Beyond Kǘbler -Ross; My grief doesn’t look like that.

( An article I wrote which was used as the basis for a piece published by

In the months since my brother’s heartbreaking and tragic death in May 2018, as a result of a fall while out with his hiking group, I have learned that only I can be an expert on my own grief. Nobody else can be ‘my expert’ and just because I have experienced my loss caused by the out of order death of my brother, does not make me an expert on anyone else’s grief.

I have found myself researching grief, bereavement, and ‘coping’ with grief online,  in the hope I would find something or some way of ‘managing my grief better’ and some way of reducing the immense pain and sense of loss caused by his death.

I don’t think this is actually possible. There is no roadmap, no prescriptive text that will reduce the quotient of grief or the pain that ensues after the death of a loved one. The best we can hope for is finding a way to honour our love and grief and carry it with us and tend to it in our own individual way.

Grief is the price we pay for love- and one’s grief is exactly that.  Grief is as individual as love. It is as unique as the person experiencing it and the person whose loss they grieve. We may share our loss with many; but we have to navigate our own way within our own landscape of grief.  We have to tend to our grief in our own way which may look similar or very dissimilar to others.

I will be the first to admit that initially my online research was far from in-depth. Fuelled by insomnia, an inability to focus or concentrate for any extended period of time, my cursory online interaction with Dr. Google kept throwing up bite-size pieces of variable quality and benefit.

To be blunt, there is a lot of horse shit written about  death and grief. From pious platitudes and clichés to over-simplified theories further reduced to lazy cut and paste jobs. I found some postings on social media to be very unhelpful… I could not identify with what I consider the tyranny of false positivity.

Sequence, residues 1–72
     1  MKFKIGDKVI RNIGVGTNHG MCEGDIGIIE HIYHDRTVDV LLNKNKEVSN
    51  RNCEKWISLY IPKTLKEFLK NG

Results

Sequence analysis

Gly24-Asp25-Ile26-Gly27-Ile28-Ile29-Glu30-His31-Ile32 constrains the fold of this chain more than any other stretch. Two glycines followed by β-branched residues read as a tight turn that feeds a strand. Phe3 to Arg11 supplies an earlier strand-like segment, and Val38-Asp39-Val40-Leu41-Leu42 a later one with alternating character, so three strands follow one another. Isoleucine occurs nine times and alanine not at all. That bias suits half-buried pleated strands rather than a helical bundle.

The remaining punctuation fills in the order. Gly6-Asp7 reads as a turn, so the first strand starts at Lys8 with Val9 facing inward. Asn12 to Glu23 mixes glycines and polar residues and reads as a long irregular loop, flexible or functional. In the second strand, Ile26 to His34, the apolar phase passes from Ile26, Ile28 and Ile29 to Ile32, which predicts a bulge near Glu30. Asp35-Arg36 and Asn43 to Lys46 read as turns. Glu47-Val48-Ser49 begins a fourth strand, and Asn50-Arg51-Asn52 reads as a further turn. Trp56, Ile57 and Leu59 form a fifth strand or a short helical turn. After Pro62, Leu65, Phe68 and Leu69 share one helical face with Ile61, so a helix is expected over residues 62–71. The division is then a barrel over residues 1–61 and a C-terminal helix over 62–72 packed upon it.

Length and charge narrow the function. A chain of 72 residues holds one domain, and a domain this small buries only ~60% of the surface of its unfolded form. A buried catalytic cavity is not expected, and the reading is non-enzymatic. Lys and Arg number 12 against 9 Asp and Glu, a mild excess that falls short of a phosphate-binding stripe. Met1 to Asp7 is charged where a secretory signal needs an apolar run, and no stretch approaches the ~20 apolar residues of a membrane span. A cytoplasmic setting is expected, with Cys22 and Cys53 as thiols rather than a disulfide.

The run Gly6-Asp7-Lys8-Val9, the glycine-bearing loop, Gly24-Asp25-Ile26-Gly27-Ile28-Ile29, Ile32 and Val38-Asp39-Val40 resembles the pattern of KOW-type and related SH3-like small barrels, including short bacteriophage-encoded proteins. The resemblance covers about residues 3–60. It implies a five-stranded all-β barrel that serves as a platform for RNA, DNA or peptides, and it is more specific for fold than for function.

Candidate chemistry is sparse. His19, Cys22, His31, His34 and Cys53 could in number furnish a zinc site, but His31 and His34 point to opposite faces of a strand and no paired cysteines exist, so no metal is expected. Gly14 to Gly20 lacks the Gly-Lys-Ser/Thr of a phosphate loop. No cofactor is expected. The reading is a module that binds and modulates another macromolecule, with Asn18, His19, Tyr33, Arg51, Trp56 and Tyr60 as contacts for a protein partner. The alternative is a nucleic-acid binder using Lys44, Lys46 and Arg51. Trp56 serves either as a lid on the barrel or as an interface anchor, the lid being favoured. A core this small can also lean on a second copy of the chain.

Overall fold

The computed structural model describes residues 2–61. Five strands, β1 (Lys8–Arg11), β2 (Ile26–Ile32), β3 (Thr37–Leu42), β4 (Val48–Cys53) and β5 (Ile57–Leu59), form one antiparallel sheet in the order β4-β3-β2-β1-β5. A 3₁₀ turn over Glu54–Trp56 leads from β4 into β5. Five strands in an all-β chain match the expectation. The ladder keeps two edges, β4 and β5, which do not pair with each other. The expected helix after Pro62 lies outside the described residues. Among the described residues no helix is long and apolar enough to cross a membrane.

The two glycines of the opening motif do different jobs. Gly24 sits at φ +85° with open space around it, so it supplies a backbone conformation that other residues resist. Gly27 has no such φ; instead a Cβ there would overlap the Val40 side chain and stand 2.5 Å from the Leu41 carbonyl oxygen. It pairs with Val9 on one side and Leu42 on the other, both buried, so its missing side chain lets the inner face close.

Time and time again, my late night ventures into the online world of grief would throw up ‘The five stages of grief’. How I started to loathe Elizabeth Kübler Ross (and I mean really loathe)! The pervasiveness of this grief theory that bore little or no resemblance to my grieving reality really infuriated me.

I also started thinking that I wasn’t getting this ‘grieving process’ right. My grief was not allowing itself to move in an ordered timeline capable of fitting into neat sanitised blocks that could be ticked off  like a ‘to-do’ list.

I could not understand why a grief theory dating back to the late 1960’s appears to have so much currency today. Has no research on grief been  carried out since?

Well, there has been plenty!  However, much of it does not appear to have trickled down into the public consciousness quite like the stage theory model has.

 I also discovered that my loathing of Elizabeth Kübler Ross was somewhat misplaced. So let me deal with that first.

Elizabeth Kübler Ross was born on July 8th 1926 and died on August 24th 2004, a Swiss-American psychiatrist.

Her book ‘On Death and Dying’ (published in 1969) was never a study on grief and bereavement. It was based on her work with terminally-ill patients at the University of Chicago Medical School. Neither was it a research study: it is a book based of description, observation and reflection based on Elizabeth’s conversations with people who were dying.  Its central tenet was to communicate how important it is to listen to what the dying have to tell us about their needs.